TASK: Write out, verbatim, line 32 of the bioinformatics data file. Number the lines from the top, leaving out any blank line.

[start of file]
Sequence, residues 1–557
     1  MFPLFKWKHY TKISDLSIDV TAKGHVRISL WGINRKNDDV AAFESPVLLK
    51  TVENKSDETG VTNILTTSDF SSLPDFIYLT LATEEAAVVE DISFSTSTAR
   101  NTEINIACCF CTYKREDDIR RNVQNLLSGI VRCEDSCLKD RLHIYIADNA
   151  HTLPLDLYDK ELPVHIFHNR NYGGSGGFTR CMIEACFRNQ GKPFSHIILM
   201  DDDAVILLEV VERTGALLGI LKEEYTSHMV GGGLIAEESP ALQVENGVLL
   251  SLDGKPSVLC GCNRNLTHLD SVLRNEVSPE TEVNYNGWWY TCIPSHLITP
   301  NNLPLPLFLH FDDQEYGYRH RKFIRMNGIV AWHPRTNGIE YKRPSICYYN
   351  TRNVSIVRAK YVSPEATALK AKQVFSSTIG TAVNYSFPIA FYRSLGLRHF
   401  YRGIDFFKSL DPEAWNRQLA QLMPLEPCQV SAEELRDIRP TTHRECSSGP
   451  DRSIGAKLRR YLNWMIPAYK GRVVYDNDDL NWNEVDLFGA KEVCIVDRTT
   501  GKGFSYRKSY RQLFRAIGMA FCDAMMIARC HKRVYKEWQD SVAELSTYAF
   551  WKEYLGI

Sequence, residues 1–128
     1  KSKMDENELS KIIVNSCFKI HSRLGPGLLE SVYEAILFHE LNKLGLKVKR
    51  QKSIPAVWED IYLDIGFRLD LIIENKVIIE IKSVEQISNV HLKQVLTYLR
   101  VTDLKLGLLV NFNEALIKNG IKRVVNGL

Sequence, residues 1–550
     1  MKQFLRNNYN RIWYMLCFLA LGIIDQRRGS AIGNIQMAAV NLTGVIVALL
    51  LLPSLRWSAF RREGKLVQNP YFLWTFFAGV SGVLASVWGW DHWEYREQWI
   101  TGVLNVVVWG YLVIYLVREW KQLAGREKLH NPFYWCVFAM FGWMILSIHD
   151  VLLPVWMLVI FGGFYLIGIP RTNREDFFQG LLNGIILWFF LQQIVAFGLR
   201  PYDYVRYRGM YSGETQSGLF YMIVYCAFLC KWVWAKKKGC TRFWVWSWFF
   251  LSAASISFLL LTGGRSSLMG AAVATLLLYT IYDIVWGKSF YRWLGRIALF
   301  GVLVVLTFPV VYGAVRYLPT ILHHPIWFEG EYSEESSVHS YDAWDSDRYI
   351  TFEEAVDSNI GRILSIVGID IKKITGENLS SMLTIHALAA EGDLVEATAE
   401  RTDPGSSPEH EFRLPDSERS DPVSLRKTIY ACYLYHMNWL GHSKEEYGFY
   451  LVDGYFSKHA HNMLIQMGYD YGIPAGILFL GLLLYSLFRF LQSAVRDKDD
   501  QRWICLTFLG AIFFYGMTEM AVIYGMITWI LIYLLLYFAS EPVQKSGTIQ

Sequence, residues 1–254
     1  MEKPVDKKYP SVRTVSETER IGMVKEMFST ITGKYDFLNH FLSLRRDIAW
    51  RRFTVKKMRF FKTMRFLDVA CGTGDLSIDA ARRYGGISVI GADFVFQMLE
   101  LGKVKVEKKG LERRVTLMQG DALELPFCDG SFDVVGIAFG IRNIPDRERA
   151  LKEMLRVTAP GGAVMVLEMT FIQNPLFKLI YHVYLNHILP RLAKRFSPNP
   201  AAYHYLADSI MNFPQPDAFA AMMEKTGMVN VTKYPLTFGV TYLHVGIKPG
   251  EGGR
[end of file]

    51  RRFTVKKMRF FKTMRFLDVA CGTGDLSIDA ARRYGGISVI GADFVFQMLE